As school districts ramped up for distance learning in the early days of the pandemic, the solution for most was a one-laptop-for-every-child strategy and in almost all cases, Chromebooks were the preferred choice. In 2020, Google Chrome’s market share of new devices grew to a commanding 64% vs. 30 for Microsoft Windows. (ChromebooksGain Share of Education Market Despite Shortages — The Information) During the long, distance learning phase, the winning combination for most schools was Chromebooks, Google Classroom, and the free, entry level versions of Google Workspace for Education.
While nearly every tech company notched up virtue points offering free technology trials during the pandemic, Google means business in winning over the education market and a future generation of knowledge workers. A whole generation of students are growing up with Gmail, Google Calendar, and the rest of the Google Workspace suite and not with the traditional Microsoft stack.
For MSPs the answer should be clear. First, the education market is a solid vertical with lots of managed service, project, and product sales opportunities. And for those thinking ten to twenty years out, today’s middle schoolers will be tomorrow’s office workers, again giving Google a tremendous advantage in the next decade of the platform wars.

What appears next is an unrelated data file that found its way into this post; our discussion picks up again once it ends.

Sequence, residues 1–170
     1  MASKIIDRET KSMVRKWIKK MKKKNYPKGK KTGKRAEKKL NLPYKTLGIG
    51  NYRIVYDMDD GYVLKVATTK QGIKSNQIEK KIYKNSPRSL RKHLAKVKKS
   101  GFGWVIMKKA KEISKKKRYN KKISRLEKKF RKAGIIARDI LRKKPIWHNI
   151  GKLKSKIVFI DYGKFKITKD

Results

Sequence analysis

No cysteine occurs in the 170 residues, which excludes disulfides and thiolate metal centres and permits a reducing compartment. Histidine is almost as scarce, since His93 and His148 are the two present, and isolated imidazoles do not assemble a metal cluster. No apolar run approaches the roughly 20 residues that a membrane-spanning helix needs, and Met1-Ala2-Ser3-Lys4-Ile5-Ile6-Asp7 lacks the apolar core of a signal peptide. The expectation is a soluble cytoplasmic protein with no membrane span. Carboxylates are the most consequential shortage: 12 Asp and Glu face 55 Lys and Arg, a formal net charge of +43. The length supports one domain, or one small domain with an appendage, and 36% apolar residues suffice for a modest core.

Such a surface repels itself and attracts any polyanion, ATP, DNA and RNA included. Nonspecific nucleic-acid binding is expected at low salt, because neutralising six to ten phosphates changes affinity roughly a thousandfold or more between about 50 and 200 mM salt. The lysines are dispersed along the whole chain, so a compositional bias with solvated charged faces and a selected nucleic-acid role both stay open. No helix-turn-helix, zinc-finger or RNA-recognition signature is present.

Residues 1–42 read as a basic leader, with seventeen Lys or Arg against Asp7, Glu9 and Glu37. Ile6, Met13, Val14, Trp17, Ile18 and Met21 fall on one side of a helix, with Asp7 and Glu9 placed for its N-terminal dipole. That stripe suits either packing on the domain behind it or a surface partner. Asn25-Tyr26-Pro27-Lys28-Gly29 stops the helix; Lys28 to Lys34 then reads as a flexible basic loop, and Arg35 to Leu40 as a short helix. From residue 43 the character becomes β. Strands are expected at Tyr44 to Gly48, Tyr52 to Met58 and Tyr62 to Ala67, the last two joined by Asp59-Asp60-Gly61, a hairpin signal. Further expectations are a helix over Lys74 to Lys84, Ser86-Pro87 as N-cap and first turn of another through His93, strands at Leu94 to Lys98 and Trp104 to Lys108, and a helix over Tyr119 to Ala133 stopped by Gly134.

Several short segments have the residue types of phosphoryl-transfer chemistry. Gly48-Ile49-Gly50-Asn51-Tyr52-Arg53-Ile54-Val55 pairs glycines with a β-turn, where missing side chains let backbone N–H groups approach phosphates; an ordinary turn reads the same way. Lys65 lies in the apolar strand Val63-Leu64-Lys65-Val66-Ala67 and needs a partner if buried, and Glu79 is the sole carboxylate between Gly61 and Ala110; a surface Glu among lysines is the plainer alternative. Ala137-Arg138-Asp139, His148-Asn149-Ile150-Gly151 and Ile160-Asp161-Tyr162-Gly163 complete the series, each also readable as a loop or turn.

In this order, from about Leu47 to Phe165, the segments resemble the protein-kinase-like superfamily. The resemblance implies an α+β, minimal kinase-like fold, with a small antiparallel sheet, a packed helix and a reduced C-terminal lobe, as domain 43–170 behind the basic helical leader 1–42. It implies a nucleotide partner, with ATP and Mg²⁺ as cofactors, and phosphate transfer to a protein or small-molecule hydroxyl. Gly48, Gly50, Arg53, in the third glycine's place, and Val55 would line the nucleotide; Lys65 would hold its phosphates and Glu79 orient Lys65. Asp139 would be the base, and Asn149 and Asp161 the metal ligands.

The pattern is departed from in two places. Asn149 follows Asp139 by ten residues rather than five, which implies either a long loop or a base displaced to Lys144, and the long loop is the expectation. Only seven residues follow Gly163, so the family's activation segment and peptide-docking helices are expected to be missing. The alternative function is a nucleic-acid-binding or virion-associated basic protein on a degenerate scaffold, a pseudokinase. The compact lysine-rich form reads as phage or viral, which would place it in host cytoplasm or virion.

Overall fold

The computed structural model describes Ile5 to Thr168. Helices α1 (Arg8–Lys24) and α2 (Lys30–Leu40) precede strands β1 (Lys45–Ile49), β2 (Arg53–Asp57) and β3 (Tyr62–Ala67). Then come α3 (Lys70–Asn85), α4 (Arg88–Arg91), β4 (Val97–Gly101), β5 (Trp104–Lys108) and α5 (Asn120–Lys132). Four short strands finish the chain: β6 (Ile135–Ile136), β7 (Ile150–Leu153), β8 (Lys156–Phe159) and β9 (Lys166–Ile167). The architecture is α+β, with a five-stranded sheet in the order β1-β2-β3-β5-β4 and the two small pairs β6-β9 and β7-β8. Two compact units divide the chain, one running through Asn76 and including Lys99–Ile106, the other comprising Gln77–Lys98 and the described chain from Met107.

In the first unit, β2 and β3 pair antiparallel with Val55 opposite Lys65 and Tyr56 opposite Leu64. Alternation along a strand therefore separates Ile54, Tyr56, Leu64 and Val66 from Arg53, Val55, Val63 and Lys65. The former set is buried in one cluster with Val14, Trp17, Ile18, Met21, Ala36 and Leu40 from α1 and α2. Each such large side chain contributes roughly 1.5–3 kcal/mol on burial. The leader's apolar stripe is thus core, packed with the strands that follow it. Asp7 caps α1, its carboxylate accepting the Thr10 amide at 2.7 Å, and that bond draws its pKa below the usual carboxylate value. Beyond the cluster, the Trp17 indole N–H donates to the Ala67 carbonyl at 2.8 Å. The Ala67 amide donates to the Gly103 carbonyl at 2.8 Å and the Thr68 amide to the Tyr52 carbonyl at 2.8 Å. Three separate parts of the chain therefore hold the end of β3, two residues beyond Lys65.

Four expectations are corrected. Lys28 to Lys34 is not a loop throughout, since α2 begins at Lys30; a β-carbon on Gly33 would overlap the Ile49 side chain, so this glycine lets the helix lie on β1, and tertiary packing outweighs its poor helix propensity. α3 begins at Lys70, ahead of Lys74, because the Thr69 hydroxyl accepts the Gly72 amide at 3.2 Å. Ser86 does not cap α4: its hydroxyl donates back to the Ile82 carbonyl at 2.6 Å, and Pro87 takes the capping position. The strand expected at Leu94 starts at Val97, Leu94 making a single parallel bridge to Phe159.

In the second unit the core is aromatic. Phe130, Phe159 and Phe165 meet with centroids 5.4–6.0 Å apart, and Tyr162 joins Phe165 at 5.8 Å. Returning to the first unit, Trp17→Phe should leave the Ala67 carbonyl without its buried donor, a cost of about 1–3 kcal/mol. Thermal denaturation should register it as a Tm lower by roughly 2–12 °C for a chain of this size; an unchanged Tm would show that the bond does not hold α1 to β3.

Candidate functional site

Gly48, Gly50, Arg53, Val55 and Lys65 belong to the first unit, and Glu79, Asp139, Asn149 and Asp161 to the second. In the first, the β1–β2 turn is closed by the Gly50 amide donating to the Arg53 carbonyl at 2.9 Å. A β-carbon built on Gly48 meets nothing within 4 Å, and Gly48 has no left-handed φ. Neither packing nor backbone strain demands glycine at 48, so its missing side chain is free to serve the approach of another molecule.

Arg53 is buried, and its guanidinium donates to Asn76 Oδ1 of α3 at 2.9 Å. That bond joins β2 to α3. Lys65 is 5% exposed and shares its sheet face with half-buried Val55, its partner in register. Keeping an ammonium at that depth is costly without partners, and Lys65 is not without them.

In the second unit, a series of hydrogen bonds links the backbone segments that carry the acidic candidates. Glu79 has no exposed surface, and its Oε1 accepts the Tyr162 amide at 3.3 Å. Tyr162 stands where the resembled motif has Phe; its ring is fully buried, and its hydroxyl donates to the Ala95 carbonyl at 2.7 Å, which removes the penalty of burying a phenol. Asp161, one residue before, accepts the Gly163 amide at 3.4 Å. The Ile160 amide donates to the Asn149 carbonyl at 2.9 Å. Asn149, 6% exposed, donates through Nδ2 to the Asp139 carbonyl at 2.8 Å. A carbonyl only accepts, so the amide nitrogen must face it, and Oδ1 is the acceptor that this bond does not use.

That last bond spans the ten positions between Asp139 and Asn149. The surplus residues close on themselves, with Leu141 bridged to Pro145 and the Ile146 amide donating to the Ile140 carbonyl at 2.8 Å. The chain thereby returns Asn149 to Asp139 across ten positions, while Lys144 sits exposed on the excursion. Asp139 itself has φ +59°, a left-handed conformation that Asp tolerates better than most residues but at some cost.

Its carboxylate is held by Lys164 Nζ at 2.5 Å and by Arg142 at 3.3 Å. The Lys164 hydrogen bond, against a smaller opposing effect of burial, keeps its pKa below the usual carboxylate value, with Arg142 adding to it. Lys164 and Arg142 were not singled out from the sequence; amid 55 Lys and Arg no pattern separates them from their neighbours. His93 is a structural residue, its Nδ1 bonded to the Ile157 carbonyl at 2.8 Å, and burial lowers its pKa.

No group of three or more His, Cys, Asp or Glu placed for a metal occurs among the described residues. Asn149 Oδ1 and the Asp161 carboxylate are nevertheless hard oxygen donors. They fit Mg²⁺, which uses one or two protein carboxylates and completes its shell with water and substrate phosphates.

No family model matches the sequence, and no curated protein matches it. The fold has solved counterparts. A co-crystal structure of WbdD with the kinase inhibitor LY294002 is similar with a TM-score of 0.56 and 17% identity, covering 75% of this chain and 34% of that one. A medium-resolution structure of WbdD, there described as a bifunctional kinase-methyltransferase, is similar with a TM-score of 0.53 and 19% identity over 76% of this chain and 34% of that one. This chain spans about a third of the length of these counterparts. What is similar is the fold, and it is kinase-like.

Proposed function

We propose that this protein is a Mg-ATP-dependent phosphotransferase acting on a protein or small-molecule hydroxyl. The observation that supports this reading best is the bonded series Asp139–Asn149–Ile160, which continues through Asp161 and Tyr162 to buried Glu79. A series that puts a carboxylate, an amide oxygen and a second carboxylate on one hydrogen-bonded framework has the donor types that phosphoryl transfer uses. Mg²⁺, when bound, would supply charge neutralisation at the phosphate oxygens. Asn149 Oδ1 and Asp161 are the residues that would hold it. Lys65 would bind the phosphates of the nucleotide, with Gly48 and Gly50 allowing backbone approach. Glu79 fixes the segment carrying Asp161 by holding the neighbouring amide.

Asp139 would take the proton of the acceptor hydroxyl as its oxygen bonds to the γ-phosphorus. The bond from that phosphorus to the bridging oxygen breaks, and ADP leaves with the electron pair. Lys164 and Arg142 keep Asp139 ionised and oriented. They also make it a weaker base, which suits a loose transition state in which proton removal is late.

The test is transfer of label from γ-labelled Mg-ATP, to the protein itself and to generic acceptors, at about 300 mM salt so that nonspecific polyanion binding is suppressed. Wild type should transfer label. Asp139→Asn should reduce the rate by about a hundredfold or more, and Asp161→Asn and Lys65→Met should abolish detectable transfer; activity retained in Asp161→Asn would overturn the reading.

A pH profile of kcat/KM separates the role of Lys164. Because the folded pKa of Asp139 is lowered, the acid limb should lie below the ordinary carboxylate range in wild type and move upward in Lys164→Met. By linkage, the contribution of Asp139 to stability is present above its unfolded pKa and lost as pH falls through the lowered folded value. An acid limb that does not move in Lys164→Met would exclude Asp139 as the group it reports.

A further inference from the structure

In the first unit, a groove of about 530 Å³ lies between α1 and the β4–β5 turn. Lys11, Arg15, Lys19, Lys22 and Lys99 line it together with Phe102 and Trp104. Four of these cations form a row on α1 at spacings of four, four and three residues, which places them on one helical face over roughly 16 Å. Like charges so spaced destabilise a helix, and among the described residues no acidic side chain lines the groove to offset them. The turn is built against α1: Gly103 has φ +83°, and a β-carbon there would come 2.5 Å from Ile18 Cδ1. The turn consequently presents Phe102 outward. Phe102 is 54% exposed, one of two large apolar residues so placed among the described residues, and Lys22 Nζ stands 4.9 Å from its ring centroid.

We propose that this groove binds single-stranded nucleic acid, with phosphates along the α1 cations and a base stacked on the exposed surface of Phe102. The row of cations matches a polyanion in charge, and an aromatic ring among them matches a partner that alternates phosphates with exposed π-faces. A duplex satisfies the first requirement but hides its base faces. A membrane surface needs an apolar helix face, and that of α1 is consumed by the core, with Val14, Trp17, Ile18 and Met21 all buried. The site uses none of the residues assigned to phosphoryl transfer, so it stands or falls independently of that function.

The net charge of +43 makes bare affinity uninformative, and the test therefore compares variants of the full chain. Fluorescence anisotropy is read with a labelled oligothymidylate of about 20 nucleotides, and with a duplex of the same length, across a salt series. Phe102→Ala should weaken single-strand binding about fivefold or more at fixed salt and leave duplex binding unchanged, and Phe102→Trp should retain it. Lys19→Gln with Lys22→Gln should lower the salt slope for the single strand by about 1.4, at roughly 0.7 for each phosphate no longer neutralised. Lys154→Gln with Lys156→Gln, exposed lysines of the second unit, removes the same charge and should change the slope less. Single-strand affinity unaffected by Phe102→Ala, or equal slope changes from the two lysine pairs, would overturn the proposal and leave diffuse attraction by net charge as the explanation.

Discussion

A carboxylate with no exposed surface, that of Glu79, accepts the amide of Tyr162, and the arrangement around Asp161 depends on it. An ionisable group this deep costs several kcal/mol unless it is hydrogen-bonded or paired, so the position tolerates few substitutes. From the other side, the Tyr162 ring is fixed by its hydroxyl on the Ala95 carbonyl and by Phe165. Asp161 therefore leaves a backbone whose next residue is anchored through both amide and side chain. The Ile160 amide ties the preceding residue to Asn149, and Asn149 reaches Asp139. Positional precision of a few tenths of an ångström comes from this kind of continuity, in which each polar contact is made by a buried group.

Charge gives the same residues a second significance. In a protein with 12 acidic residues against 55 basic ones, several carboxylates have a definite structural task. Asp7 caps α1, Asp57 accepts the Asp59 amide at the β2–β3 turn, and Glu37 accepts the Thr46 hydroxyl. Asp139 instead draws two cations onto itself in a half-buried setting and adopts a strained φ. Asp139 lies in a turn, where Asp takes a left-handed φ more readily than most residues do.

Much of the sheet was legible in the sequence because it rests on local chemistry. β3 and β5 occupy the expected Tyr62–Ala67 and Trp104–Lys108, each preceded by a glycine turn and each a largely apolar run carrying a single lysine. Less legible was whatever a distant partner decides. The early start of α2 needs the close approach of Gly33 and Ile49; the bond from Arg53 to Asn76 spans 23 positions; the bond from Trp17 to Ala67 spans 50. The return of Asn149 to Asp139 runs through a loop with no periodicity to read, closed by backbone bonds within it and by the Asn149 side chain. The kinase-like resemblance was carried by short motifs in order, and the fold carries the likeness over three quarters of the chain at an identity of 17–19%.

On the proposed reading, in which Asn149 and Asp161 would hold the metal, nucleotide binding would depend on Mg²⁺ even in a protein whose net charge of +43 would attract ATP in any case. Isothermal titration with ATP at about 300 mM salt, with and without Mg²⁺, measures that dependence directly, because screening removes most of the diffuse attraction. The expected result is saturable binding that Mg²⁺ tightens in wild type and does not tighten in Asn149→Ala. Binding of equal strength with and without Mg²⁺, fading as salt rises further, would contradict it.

3. Google Chrome in Enterprise
There are many fronts in Google’s battle with Microsoft. The enterprise market too is an area where Google continues to build momentum and win over CIOs. The biggest challenge for large enterprises is the cost and complexity of managing thousands of Windows endpoints. While there is a rich software ecosystem built up around remote deployment, management, and security for Windows endpoints, for many organizations a fundamentally different approach is in order. This is where Chrome Enterprise comes in.
For many large organizations, Google Chrome has many advantages. Chrome devices are affordable, secure, and stable. When paired with Google Workspace, nearly all of their employees’ communication, productivity, and collaboration requirements are met. Chrome Enterprise adds vital deployment, remote management and security capabilities that enterprises are accustomed to in large deployments. For organizations making the switch en-masse to Chrome devices, legacy Windows applications are probably the thorniest remaining challenge.
Nevertheless, in a cloud-first world, where SaaS applications are rapidly becoming the universal norm, Chrome, Chrome Enterprise, and Google Workspace are a compelling combination. MSPs can build unique experience and capabilities to serve the needs of large enterprises clients with specialized consulting, integration, and managed services.
4. Mixed Workplaces and Google Workspace
The last opportunity is perhaps obvious and the most common. In environments where there is a diversity of Windows and Apple Mac machines, company leadership will often deploy Google Workspace because it is a cloud-first platform and fully browser-based, making it an ideal choice in a hybrid Windows and Mac environment. While Microsoft has made great strides in the past five years with the web-based versions of its traditional productivity apps, Google still has the commanding mindshare for businesses looking for an OS agnostic and browser-centric productivity suite.
MSPs which also specialize in supporting Macs should pair this expertise with knowledge and services around Google Workspace. It is a winning combination.